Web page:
Whitney Library exhibit turns pages of darker kind of children’s book

Good art can be a little dark and disturbing. In the case of a new exhibition at the Whitney Library Gallery, it can also be classified as creepy, spooky, kooky, mysterious and more than a little fun. The show features dark drawings and haunting images, much of them from a new children’s book, “The Stumps of Flattop Hill,” by Las Vegas-based author Kenneth Kit Lamug.

An opening reception is scheduled from 5 to 6:30 p.m. March 3 at the library, 5175 E. Tropicana Ave.

“When I saw the work, I thought it was perfect for the gallery,” said Darren Johnson, gallery services coordinator for the Las Vegas-Clark County Library District. “It isn’t unusual that we see work that is related to a book, but it fits great at the library.”

This book isn’t the type of children’s book such as “The little Engine That Could” or “Green Eggs and Ham,” all bright colors and a simple moral. It’s creepier and darker — both literally and figuratively — and ends more ambiguously than most children’s books. For the right kind of child — or an adult who remains young at heart — it may be just the right sort of book.

“It’s a picture book, but it’s not for all kids,” Lamug said. “There are certain people who might say they don’t want their kid to be scared. I look at it as a Grimm’s fairy tale kind of book or a campfire story. It is scary. In a way, it is a fairy tale for adults.”

The story follows Florence, a little girl who is dared to go into the mysterious house on Flattop Hill. Strange things happen.

“It’s kind of a culmination of different things,” Lamug said. “I grew up in the Philippines. It’s a superstitious culture, a melting pot of local and foreign folk tales. There are different stories of haunted houses, ghosts, monsters and other things. Kids would push each other to dark, weird places to scare each other.”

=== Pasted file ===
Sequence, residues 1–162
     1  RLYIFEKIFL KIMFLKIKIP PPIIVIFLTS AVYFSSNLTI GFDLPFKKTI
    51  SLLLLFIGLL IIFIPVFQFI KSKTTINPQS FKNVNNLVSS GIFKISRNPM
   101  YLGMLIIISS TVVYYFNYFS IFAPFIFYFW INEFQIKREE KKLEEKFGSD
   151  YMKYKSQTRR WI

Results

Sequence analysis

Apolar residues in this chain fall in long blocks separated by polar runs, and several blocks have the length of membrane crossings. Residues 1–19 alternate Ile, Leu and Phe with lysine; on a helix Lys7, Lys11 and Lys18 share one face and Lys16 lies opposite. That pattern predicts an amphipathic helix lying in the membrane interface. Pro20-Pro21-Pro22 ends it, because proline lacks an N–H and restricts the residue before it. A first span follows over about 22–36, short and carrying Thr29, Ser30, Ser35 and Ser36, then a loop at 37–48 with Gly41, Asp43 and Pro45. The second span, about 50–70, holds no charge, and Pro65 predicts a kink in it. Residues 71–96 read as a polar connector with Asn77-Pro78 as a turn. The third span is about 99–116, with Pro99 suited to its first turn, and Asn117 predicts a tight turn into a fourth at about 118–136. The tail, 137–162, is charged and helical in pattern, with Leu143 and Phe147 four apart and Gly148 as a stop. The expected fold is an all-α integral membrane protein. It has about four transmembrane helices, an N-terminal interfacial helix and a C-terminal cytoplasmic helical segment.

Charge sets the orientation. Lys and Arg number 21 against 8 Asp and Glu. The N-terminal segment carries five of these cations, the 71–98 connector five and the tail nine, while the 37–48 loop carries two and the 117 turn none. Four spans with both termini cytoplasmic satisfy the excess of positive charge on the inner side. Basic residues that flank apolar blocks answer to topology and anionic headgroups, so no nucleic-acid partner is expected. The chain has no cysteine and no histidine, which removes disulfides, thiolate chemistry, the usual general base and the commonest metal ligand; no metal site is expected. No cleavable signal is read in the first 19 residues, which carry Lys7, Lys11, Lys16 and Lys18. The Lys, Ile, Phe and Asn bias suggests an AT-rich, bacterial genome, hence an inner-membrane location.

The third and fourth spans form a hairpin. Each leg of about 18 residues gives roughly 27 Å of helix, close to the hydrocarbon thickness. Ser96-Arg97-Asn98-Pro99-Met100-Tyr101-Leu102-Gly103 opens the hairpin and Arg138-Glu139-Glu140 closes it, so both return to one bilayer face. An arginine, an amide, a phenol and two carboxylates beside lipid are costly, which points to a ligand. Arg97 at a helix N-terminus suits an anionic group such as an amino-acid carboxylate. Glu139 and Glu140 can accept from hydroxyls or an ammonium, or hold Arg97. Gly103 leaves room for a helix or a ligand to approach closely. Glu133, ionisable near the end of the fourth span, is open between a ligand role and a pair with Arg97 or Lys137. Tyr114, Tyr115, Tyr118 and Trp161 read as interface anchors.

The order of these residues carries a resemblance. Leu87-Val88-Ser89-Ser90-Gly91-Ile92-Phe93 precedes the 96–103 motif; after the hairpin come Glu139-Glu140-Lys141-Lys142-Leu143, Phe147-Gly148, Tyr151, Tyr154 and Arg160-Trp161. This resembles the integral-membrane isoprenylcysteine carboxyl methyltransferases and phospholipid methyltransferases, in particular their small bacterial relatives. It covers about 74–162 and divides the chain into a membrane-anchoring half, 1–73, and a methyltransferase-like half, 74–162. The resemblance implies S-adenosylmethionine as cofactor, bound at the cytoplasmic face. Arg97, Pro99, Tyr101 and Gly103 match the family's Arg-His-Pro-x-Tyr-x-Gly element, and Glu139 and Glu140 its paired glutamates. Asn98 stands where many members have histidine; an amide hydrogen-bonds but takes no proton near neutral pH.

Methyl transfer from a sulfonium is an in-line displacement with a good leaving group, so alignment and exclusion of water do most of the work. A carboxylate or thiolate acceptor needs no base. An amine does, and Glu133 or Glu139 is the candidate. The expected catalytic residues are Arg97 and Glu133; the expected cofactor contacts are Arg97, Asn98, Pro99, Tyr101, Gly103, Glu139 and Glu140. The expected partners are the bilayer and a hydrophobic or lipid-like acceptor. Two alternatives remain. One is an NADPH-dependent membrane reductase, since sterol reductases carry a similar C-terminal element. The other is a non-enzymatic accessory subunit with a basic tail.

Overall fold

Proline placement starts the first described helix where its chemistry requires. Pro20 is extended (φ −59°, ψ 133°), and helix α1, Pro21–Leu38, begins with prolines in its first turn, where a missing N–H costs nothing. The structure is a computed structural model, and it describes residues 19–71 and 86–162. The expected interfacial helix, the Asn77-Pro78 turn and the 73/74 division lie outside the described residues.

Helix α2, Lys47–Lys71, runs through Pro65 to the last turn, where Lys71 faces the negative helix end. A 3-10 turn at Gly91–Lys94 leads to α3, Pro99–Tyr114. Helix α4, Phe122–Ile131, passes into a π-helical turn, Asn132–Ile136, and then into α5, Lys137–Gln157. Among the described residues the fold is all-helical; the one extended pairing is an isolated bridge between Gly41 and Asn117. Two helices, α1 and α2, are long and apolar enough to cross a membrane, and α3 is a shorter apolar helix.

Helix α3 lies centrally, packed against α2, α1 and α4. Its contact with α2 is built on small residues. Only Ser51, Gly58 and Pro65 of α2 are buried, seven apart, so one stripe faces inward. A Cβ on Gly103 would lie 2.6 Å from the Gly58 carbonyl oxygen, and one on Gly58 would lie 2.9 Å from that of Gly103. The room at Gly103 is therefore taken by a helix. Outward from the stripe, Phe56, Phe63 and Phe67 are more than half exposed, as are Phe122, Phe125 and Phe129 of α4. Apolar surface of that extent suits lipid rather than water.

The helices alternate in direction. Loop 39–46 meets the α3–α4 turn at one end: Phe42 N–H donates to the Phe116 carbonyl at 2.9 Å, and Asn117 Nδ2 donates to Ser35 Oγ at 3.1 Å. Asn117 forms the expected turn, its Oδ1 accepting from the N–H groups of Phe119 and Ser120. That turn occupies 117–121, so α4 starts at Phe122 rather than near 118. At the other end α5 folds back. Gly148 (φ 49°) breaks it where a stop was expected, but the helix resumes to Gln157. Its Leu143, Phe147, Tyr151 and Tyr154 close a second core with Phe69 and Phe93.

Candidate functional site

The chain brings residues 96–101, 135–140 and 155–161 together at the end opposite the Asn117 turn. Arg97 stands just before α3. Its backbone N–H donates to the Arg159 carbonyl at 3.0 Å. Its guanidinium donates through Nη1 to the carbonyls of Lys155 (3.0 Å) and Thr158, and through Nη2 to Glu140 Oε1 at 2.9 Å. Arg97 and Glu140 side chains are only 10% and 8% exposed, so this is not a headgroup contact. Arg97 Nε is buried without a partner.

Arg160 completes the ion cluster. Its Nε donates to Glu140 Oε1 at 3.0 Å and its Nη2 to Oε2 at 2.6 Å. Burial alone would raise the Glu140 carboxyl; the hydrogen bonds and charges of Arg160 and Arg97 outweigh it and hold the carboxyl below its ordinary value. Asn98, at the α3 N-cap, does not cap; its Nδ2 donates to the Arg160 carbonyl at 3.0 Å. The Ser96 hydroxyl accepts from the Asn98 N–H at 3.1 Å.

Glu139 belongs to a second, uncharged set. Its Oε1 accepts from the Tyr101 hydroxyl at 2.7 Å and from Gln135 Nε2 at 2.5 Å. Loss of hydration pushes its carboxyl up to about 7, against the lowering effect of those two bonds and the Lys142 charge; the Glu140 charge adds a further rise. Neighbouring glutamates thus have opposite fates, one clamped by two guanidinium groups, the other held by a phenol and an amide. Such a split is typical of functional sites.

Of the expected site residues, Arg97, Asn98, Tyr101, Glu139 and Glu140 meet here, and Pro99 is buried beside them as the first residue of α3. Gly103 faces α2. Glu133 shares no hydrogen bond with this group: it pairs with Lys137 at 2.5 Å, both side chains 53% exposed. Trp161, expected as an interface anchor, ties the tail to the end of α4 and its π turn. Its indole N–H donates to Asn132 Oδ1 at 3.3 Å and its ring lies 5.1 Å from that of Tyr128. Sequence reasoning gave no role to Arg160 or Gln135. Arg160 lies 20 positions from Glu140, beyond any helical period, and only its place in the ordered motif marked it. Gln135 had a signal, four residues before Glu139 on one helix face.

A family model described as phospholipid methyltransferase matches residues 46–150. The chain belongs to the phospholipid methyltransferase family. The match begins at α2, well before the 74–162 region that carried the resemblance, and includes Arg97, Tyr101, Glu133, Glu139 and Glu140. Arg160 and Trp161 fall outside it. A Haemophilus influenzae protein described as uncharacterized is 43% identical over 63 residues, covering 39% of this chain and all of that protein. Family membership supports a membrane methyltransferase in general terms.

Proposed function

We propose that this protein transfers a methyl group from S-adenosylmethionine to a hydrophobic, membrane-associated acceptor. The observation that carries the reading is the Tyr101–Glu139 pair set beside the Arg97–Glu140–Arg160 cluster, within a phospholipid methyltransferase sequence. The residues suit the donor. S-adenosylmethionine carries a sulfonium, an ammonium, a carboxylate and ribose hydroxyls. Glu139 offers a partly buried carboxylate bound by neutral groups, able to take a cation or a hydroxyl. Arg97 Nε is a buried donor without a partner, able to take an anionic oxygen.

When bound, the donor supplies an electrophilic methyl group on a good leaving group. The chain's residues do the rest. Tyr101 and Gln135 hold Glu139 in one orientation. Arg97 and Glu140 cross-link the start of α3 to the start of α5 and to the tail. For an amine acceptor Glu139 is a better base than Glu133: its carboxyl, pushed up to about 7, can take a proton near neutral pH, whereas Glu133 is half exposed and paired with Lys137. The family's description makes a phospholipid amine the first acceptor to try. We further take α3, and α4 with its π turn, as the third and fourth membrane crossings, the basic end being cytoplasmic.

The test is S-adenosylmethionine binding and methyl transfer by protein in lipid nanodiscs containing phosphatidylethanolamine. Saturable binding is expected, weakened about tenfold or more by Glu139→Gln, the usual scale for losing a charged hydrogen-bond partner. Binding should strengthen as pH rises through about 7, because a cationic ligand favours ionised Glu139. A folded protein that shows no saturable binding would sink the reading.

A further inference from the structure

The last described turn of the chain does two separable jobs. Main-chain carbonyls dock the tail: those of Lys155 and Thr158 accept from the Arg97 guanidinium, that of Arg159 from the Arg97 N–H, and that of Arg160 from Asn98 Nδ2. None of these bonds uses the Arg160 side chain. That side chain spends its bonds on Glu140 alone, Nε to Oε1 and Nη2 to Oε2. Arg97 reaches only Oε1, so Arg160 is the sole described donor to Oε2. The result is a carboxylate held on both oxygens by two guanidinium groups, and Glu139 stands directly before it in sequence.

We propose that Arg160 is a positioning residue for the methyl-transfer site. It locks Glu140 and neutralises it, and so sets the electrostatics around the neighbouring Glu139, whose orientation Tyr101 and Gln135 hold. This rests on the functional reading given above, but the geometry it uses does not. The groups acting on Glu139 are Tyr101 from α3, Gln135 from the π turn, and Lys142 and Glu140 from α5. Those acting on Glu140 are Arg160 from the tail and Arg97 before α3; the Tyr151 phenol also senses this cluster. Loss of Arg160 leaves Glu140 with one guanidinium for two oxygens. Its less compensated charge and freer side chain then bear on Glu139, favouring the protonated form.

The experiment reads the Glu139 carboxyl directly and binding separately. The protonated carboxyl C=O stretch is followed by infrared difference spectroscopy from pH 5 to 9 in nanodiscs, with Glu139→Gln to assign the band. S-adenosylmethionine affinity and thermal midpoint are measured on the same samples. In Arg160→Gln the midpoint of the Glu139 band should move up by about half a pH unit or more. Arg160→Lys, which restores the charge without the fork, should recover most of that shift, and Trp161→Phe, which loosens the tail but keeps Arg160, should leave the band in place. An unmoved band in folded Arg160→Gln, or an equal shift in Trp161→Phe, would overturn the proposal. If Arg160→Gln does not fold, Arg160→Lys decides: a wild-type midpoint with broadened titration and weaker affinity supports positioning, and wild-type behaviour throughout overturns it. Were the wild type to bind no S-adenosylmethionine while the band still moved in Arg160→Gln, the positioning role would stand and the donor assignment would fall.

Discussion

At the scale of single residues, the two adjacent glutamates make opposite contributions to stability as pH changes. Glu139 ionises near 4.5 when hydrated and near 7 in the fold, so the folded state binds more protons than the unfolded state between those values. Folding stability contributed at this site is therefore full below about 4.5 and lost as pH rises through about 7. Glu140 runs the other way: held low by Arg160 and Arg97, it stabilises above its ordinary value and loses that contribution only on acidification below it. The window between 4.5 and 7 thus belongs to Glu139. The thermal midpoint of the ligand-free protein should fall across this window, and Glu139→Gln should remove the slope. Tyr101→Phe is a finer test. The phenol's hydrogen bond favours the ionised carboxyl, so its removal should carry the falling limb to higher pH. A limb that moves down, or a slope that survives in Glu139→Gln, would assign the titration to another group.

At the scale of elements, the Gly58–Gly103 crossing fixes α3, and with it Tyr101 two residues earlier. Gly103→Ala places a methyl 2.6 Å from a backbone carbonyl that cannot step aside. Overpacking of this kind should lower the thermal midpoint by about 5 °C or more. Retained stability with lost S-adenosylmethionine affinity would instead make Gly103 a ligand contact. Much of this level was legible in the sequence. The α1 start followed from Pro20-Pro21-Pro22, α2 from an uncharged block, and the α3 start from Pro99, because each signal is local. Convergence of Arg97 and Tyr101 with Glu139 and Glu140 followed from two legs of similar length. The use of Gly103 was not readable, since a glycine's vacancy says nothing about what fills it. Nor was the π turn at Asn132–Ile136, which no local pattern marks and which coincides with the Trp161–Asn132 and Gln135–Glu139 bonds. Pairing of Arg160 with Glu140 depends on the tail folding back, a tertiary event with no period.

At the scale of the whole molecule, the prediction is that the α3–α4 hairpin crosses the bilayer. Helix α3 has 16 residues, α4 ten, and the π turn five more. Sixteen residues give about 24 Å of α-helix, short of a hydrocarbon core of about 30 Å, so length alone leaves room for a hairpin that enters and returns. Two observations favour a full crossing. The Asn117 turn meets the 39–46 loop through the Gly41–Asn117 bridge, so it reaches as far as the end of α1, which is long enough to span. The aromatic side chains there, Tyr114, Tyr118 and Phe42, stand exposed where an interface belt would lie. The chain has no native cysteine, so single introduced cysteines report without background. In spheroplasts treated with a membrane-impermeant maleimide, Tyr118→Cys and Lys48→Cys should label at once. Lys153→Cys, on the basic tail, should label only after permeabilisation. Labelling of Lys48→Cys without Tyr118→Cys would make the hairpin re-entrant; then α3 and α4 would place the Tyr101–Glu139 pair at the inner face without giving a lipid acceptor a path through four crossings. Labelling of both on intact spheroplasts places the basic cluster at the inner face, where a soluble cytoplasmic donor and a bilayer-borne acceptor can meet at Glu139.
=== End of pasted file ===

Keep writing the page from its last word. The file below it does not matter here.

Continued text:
Lamug became a storyteller because of that environment and because he was fascinated with the hero’s journey.

“The protagonist would go from their normal world and try to explore and face their fears,” Lamug said. “They would go and find the existential truth of whatever their desires or goals are.”

The art for the book and on display at the show features dark swatches of black and painstakingly executed crosshatching and subtle tone work.

“He has a real finesse,” Johnson said. “I’ve spent quite a bit of time marveling at the delicate lines and shading he does. There’s a funny aspect to his work that is somehow enhanced by the fine lines.”

It isn’t a surprise that the work is reminiscent of the funny and creepy work by artists such as Charles Addams and Gahan Wilson. Lamug said he was inspired by similar artists.

“As I developed my drawing skill, I was fascinated by Edward Gorey,” he said. “This book was greatly influenced by his style and that of Tim Burton, but I wanted to do my own version.”

The book is set to be on sale March 16. Lamug said the reaction from his peers and others who have seen advance copies has been overwhelmingly positive. He’s gotten quite a bit of feedback from fellow members of Nevada SCBWI, the local branch of the Society of Children’s Book Writers and Illustrators.

“The group meets regularly and discuss each other’s work,” Lamug said. “They bring in big agents, writers, illustrators and art directors to speak. They coordinate with UNLV to get some big names, and they have teachers and budding writers and artists come over.”

Lamug doesn’t know exactly how long it took him to create the book. Some pages were done in a single night while others took days to finish. He felt the hardest part was planning and laying it out. He’s said he’s satisfied with the finished work and doesn’t see it as a strictly whimsical and creepy book.

“It’s about a little girl who explores and faces her fears,” Lamug said. “It’s up to the reader to decide if the house is haunted or not. Toward the end of the story, if you look at her facial expression, it’s not dread. It’s a mystery. I think there’s more story that isn’t in the book that each reader needs to work out for themselves.”

The exhibition is set to be on display from 10 a.m. to 8 p.m. Monday through Thursday and 10 a.m. to 6 p.m. Friday through Sunday through May 3 at the Whitney Library. Visit lvccld.org or call 702-507-4010.

For more on Lamug, visit rabbleboy.com.

— To reach East Valley View reporter F. Andrew Taylor, email ataylor@viewnews.com or call 702-380-4532.

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